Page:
The South African itinerary is hosted at Shamwari Private Game Reserve, where meals might incorporate vegetables from the lodge garden roasted on a bonfire. Activities include drives to spot big cats, elephants, and giraffes in reserves that limit off-roading; walks to learn about the bush ecosystem; planting trees to offset carbon emissions; and helping at sanctuaries and rehabilitation centers for orphaned wildlife.
(Will plant-based meat ever satisfy America’s hunger for the real thing?)
Other options include Kings Camp in South Africa, which provides vegan food and a safari guide who is vegan, and Emboo Camp in Kenya. Emboo is the first company in east Africa to have a full fleet of electric safari vehicles that are charged with solar power. At the lodge, which also runs on solar power, water and trash are recycled and a garden provides ingredients for meals.
Kings Camp, Vegan Safari, and Alluring Africa all won PETA awards for animal-friendly African safaris this January. It was the first time PETA has given this award.
Nevertheless, the number of vegan safari outfitters is still quite low, says Wolfgang Strasdas, a professor of sustainable tourism management at Eberswalde University for Sustainable Development in Germany. The market for this type of safari remains small, he says, but there could also be a cultural difference. “The countries where safaris take place have a meat-eating culture, partially due to the natural semi-arid conditions where growing crops may be difficult,” Strasdas says.
Opportunity or opportunistic?
Going meatless is just one aspect of vegan travel, however. All safaris impact the local ecosystem and environment, especially in the popular parks, where animal harassment, habitat destruction, pollution, and off-road driving can occur. “We have seen reduction in grazing land as well as soil erosion in certain areas of the Maasai Mara due to the intensity of off-road trucking,” says Shem Wambugu Maingi, a safari ecotourism expert and lecturer at Kenyatta University in Kenya.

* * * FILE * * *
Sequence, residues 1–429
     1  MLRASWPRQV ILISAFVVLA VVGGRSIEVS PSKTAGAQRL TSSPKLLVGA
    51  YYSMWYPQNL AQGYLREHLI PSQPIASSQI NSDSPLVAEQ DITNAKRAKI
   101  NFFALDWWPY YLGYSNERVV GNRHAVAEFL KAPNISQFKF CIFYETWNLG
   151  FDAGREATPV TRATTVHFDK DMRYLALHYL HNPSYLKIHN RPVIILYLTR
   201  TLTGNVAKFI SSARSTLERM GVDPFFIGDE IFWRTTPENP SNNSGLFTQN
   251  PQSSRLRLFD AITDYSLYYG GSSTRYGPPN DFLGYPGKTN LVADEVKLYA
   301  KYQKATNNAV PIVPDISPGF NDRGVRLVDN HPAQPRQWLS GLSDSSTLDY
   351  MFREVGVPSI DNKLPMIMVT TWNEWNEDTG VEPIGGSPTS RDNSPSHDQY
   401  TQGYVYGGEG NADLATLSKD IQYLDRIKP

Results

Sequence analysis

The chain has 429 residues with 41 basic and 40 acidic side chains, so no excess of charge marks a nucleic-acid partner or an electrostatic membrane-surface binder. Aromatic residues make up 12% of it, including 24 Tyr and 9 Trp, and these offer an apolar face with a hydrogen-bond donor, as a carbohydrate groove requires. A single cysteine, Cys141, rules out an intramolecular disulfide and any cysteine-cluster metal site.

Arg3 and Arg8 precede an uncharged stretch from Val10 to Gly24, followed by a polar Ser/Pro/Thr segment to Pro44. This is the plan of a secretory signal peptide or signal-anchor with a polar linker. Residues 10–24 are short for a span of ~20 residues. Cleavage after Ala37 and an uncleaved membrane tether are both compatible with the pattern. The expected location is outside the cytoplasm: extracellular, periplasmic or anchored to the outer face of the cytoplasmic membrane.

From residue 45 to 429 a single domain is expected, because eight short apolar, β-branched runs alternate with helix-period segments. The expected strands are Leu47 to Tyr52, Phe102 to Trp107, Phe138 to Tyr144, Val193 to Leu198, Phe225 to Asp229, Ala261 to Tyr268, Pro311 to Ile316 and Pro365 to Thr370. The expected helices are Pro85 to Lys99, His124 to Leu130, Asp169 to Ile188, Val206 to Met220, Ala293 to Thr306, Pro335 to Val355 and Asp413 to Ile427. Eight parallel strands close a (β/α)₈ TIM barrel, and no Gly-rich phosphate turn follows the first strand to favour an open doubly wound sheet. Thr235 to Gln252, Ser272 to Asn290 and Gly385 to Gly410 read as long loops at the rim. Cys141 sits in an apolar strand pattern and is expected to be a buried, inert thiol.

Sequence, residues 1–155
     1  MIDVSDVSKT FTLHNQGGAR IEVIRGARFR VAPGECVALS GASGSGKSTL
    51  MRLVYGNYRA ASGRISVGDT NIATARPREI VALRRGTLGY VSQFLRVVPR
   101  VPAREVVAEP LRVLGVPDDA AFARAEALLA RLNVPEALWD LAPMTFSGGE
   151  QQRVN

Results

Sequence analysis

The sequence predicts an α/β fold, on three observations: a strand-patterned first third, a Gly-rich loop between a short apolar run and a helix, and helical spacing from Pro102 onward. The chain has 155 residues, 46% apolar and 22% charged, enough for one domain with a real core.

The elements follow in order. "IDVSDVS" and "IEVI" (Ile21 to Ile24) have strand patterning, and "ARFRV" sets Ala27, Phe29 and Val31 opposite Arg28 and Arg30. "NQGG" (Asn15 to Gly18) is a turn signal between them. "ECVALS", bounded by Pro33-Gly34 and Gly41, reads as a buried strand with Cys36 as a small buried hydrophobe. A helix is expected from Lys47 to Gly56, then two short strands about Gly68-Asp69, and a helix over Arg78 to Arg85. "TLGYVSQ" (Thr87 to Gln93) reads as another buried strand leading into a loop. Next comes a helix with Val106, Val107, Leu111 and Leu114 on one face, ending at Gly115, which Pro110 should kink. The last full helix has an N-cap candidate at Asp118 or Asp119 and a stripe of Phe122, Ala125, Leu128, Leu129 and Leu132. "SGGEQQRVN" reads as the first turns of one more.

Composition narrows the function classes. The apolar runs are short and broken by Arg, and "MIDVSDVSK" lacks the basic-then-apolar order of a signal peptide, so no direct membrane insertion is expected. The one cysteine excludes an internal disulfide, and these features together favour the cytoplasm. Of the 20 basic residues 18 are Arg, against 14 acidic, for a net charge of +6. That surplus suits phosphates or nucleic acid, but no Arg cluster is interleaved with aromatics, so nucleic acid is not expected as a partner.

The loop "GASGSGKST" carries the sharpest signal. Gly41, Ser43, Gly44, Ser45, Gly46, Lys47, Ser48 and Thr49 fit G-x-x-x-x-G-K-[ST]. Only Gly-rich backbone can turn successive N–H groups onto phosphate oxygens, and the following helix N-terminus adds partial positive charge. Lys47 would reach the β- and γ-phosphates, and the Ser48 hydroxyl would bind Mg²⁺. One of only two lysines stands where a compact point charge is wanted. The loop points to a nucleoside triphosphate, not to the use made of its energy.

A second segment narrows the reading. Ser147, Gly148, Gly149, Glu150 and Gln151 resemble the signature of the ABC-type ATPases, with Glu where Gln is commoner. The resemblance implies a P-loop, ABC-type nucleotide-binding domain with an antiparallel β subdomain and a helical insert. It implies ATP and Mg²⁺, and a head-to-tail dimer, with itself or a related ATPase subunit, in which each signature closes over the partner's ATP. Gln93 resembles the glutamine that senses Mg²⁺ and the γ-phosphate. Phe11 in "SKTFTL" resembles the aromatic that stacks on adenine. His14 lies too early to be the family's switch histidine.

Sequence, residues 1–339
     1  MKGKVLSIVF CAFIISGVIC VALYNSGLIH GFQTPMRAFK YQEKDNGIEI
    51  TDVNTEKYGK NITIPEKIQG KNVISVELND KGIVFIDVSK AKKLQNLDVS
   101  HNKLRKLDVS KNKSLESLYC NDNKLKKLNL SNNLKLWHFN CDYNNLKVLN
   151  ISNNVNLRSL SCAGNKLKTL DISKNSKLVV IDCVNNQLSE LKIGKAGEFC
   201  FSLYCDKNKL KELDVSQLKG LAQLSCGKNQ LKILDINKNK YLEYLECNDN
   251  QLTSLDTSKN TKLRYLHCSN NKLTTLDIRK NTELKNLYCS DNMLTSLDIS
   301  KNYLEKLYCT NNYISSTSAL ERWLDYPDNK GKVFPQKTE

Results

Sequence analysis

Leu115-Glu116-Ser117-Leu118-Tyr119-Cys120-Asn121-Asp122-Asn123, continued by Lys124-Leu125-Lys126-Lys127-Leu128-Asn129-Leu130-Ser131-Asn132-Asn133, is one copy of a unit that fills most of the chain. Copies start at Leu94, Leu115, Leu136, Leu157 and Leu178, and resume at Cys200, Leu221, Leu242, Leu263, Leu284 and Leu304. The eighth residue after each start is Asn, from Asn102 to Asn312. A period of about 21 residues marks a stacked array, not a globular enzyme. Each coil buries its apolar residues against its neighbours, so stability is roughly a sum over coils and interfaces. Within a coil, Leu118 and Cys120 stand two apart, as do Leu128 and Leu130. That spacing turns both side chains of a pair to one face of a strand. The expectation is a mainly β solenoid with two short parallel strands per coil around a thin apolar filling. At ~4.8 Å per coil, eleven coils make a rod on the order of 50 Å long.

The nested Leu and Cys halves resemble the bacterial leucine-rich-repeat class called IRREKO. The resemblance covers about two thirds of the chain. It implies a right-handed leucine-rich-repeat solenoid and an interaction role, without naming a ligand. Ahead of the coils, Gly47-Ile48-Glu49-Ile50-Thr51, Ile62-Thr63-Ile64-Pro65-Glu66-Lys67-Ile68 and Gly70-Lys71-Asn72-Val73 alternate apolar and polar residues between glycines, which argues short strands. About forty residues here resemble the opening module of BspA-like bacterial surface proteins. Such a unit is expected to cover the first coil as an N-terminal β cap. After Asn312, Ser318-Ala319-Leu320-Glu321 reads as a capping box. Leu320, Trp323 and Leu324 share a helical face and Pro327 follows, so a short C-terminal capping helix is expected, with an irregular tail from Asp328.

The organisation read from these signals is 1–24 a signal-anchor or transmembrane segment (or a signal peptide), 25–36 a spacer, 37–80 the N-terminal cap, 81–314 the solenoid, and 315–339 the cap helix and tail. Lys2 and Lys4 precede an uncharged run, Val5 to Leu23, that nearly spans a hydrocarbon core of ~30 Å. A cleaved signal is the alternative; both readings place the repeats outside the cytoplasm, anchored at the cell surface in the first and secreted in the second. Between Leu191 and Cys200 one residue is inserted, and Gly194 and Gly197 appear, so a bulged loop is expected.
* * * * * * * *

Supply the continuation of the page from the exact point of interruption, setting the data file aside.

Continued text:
Considerations of overall sustainability would also address the airline and car transportation that travelers took to arrive at their destination, as well as how far food was shipped if not grown onsite.
“I don’t want to be too pessimistic about that because it’s a contradiction that we have to live with,” Strasdas says. “Safari tourism, if it’s well managed, has a lot of benefits to the destinations.”
(Here’s how to do wildlife tourism the right way.)
Ultimately, Strasdas and Maingi agree that vegan safaris, even though they might not be completely vegan, are fairly sustainable—especially if the companies are hiring locally, the lodges are growing their own food, and the safari groups focus on habitat preservation and restoration. As long as travelers keep the environment and community top of mind, vegan safaris can be beneficial to both people and the planet.
“Connect with people from around the world, find out about their lives, explore the wilderness, and deeply appreciate what we have to lose,” recommends Helene Forward. “Get inspired by it and then work towards solutions.”
Jennifer Billock is an award-winning writer, bestselling author, and writing coach. Follow her on Twitter and Instagram.